Barnhisel v. People

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347 P.2d 915 (1959)

John K. BARNHISEL, Plaintiff in Error, v. PEOPLE of the State of Colorado, Defendant In Error.

No. 18908.

Supreme Court of Colorado, In Department.

December 14, 1959.

*916 Seavy & Seavy, Pueblo, for plaintiff in error.

Duke W. Dunbar, Atty. Gen., Frank E. Hickey, Deputy Atty. Gen., Gerald Harrison, Asst. Atty. Gen., for defendant in error.

DAY, Justice.

Plaintiff in error was found guilty by a district court jury of assault with the intent to commit rape. We will refer to him as the defendant.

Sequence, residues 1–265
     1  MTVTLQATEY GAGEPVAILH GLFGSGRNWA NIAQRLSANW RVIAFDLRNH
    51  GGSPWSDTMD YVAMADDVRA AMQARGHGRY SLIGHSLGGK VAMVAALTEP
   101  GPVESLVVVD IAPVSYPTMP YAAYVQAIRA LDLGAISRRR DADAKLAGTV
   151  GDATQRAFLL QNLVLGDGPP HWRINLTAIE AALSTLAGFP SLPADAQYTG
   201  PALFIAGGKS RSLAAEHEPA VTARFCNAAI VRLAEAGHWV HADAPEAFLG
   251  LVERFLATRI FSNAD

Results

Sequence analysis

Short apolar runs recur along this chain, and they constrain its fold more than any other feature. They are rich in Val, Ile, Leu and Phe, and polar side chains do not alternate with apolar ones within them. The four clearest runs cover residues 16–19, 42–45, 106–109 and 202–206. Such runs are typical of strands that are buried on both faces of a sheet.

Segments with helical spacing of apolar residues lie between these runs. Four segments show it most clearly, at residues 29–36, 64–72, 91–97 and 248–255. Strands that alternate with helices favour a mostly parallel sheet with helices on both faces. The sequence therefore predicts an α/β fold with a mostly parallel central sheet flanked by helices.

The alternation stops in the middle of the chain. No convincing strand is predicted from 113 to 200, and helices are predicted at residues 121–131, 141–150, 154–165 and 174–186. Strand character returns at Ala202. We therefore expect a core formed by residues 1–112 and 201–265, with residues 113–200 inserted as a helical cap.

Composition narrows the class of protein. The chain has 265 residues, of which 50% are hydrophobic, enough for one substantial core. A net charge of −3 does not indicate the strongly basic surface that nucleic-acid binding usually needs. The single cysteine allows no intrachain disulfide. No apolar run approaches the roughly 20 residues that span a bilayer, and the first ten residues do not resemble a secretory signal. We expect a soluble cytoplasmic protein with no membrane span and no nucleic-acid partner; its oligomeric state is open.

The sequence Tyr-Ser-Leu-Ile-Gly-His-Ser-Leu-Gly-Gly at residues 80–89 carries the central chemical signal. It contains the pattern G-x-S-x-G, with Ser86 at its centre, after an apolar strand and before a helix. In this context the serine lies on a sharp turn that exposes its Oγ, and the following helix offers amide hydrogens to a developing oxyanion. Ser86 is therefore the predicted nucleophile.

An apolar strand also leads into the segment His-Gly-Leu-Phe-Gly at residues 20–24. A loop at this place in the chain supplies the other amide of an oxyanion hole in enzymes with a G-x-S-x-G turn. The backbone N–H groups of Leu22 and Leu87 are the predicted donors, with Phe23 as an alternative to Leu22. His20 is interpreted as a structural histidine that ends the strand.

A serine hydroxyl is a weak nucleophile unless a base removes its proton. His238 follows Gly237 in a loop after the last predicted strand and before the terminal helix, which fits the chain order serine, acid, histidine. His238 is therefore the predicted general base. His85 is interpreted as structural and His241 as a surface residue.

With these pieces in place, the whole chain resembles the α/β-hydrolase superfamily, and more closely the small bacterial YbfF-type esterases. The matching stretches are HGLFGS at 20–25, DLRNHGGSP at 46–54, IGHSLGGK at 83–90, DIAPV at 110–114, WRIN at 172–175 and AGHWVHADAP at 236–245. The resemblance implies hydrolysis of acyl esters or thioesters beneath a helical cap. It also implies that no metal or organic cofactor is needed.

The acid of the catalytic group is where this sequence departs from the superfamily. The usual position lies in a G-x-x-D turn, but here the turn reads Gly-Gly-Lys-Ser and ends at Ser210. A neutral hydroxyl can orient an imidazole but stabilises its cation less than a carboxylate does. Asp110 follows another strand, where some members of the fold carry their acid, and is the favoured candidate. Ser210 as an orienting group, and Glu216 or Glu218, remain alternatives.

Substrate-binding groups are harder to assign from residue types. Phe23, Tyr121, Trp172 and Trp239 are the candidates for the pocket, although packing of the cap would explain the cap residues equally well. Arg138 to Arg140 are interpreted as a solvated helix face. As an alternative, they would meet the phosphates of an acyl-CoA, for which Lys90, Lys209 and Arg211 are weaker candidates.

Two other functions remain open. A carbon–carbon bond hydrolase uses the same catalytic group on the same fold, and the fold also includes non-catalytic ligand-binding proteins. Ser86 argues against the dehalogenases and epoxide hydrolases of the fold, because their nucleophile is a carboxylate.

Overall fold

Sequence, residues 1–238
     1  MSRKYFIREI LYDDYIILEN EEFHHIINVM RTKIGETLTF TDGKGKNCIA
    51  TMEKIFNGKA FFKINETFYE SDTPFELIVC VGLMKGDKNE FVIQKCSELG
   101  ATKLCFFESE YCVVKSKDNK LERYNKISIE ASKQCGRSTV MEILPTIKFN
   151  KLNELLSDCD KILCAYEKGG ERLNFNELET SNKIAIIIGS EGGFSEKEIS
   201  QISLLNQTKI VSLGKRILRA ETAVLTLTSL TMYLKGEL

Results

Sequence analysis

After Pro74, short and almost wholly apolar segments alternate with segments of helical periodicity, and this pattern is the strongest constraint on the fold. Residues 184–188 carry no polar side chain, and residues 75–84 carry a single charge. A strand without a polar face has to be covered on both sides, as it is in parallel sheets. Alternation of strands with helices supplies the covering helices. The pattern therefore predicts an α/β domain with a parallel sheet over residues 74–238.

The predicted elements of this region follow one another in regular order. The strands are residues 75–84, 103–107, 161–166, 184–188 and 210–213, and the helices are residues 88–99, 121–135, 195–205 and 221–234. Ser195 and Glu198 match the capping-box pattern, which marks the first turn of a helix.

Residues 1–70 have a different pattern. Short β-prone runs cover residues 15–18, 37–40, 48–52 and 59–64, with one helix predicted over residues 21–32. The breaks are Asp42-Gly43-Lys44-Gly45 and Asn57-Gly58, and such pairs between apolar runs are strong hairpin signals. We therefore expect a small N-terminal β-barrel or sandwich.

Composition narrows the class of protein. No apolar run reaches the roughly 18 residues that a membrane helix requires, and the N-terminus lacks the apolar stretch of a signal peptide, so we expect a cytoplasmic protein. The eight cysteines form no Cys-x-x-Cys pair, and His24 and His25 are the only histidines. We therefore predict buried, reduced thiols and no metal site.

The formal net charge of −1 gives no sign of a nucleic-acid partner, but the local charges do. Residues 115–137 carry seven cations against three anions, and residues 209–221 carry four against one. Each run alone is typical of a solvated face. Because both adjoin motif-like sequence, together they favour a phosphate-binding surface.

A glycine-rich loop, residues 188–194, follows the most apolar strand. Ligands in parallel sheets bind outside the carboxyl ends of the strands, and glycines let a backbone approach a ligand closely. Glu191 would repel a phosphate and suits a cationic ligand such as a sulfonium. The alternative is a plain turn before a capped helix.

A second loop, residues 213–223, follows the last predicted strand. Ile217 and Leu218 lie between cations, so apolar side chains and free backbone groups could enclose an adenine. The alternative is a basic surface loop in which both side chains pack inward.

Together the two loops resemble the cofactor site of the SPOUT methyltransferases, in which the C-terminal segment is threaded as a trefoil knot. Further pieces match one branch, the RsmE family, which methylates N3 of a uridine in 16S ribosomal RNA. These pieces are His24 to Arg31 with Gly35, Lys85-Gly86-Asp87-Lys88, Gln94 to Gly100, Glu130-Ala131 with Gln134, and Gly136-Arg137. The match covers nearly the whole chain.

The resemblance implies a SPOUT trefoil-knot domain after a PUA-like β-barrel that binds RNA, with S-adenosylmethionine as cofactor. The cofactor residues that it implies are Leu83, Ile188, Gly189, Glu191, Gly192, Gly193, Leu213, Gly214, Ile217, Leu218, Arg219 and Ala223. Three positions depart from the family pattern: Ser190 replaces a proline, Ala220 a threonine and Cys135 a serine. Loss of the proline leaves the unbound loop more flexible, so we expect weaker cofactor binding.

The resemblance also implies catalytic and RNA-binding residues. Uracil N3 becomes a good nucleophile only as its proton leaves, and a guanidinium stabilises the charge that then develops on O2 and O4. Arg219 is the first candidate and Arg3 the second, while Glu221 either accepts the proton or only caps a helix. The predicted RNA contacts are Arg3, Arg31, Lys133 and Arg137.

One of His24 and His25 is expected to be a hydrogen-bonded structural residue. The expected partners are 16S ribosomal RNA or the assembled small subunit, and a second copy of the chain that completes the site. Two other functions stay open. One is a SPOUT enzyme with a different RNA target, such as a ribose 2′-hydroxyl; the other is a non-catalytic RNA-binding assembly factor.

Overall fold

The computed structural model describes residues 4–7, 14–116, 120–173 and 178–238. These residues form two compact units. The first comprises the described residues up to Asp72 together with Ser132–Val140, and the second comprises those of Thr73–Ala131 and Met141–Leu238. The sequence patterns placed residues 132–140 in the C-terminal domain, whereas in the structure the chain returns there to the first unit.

In summary, the evidence was that the alleged victim, an unmarried female, lived by herself. She had retired but was awakened when someone (later identified as defendant) threw her from the head to the foot of the bed and pinned her down. She testified that she struggled and screamed; that she recognized that it was a man who attacked her; that he told her to be quiet; that a laundry bag was thrown over her face to cover her mouth and nose; that as she continued to scream and fight she was "more or less" dragged from the apartment; that she was clothed only in yellow pajamas; that the man had his arms around her and pushed her in front of him; that he soon picked her up and threw her over his shoulders and started walking toward the river (described in the course of the testimony as behind her apartment house); that he threw her down once and picked her up again and carried her into a dip in the dike along the river; he started pulling or tearing at her pajamas, and she struggled to prevent this. She testified that no part of his person was near her in any way outside of having her pinned down; that he then carried her to the top of the dike, and then the two of them walked across the bridge, returned to her apartment and smoked cigarettes. Defendant lay down on the couch and went to sleep. She then went next door to the landlady and the police were called.